The state channel said that the proposal included the UN’s acceptance of the Greek Cypriots’ right to return to any area of Cyprus in the event of a solution, which could therefore mean that no area would be purely Turkish Cypriot-inhabited.

    While the right to exchange or buy and sell land between the two communities was also allegedly agreed by the UN, CyBC said that the exceptions linked to the process were so numerous it was practically made void.

    It was also reported that a special committee made up of Greek and Turkish Cypriots, as well as foreign experts, would be set up to calculate the value of each piece of the land and building involved in the complicated process.

    CyBC said that de Soto would have meetings with President Glafcos Clerides and Denktash at which the issue of administration was expected to be discussed.

    The channel also said that the talks were expected to resume in Geneva in November.

    Sunday, September 24, 2000

    [03] Turkish tug searched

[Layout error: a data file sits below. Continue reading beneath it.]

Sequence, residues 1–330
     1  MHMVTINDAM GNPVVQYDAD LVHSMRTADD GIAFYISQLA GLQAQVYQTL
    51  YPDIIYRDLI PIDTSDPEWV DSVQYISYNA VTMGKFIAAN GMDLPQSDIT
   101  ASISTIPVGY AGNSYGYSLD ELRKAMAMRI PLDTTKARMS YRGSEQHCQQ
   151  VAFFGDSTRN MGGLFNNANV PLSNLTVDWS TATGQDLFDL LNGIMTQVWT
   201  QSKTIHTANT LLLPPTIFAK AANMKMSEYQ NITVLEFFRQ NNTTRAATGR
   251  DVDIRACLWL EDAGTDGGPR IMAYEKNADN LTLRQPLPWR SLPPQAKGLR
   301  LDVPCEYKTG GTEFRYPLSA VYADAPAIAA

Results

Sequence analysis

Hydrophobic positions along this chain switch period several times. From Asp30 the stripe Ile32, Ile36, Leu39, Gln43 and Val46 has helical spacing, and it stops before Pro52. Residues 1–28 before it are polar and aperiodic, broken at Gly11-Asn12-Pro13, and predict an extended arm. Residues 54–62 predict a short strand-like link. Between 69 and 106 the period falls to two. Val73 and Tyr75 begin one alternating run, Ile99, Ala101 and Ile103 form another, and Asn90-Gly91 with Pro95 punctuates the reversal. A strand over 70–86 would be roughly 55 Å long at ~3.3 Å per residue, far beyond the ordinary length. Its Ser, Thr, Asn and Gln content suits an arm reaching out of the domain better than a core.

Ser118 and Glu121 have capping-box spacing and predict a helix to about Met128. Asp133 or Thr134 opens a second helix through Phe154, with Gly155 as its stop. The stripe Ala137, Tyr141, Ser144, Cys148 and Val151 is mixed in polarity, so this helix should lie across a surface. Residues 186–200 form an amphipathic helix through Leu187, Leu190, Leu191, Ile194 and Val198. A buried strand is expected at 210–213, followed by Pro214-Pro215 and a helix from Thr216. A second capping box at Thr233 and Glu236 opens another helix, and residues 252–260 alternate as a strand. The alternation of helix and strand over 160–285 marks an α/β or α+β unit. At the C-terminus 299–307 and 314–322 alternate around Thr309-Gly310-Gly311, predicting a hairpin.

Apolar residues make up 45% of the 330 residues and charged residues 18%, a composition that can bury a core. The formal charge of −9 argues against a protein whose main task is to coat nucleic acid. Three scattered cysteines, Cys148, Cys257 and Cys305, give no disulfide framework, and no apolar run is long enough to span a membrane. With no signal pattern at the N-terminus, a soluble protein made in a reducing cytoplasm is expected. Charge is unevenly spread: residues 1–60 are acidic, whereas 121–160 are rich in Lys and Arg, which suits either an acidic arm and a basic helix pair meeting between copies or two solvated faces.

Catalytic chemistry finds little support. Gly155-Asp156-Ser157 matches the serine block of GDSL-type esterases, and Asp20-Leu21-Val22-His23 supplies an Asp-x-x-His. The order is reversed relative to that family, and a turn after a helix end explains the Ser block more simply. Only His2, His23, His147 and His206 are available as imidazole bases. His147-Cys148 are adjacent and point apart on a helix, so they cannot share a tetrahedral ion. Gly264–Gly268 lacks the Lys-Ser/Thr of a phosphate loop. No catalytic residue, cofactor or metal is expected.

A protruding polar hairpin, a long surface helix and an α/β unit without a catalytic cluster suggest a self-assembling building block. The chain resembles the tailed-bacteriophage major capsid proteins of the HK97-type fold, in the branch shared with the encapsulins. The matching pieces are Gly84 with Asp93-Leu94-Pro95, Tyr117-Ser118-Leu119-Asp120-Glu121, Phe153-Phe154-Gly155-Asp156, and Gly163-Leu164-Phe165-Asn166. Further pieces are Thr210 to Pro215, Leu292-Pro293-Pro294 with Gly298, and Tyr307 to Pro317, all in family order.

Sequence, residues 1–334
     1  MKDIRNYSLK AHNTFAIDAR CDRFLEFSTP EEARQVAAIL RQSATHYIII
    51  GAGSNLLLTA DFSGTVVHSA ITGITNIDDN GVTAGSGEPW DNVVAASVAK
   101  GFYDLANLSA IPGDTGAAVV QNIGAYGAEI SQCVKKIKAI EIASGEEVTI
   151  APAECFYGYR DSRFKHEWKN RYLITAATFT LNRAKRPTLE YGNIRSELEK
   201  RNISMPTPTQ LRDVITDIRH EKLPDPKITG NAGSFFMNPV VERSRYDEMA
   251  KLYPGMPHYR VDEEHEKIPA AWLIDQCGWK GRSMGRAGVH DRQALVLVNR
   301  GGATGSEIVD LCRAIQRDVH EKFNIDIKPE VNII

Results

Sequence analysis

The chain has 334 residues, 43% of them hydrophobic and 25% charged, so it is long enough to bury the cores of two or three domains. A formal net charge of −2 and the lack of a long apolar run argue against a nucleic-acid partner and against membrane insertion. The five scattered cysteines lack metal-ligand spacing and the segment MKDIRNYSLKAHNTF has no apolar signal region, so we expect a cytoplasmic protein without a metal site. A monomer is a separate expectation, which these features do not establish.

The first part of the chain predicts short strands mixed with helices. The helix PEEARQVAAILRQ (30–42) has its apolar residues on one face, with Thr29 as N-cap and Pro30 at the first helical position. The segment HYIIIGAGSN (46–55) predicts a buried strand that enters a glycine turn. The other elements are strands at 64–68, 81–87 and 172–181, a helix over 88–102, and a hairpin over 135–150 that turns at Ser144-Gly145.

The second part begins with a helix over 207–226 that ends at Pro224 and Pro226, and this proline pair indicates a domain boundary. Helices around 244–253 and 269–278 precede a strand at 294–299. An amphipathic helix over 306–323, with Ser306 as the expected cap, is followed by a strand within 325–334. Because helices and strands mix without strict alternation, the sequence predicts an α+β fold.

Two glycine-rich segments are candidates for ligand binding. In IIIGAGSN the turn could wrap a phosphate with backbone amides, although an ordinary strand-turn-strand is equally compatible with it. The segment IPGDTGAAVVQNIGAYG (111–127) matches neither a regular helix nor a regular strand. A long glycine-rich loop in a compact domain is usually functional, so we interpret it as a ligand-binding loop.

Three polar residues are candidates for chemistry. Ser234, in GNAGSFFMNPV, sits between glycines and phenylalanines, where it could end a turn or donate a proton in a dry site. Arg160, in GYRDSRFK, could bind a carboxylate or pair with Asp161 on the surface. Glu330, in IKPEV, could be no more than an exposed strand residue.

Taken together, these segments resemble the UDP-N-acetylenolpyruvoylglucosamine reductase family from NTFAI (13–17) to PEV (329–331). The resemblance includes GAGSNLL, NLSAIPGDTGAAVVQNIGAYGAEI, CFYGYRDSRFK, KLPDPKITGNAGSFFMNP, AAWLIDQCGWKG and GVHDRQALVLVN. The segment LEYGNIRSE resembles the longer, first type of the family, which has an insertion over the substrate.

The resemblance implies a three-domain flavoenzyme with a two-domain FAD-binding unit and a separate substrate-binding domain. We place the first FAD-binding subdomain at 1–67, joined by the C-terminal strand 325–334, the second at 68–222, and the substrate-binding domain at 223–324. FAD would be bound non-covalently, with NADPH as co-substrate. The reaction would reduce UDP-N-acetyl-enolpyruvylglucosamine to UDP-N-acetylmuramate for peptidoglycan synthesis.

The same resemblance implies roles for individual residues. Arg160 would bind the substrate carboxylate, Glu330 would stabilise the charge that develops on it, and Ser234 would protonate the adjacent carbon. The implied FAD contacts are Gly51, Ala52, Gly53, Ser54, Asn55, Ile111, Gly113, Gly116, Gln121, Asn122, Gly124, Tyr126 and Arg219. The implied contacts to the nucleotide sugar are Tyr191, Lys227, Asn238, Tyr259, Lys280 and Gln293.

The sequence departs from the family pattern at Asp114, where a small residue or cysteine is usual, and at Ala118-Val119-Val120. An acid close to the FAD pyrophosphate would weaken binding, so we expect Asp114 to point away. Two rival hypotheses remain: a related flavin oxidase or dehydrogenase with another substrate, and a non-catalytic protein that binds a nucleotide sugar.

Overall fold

By Athena Karsera

    A TUGBOAT flying the Turkish flag tried to dock at Pyrgos Tyllirias, in the Paphos district, yesterday mistaking the small harbour for the one at the Turkish occupied enclave of Kokkina. The tug was stopped and searched by the Cypriot authorities.

    The two-man crew, a Turkish national and a Swiss man, said they lost their way after setting sail from Turkey. They said the tug specialised in taking balloons filled with drinking water from Turkey to the occupied areas. It was allowed to continue on its course.

    Sunday, September 24, 2000

    [04] High tech training for Customs

    By Athena Karsera

    AMERICAN customs experts have spent the last week training their Cypriot counterparts to use high technology contraband detecting equipment which they have donated to the Republic.

    According to a CyBC report yesterday, 20 local customs officers have spent the last week being trained by the six experts as part of a US campaign against mass destruction weapons in some 30 countries including Cyprus.

    The US official in charge of the project told CyBC that the training was for customs officers in Cyprus at airports and the sea ports “to locate and identify nuclear materials and dangerous items in order to protect the people of Cyprus from these items coming into the country.”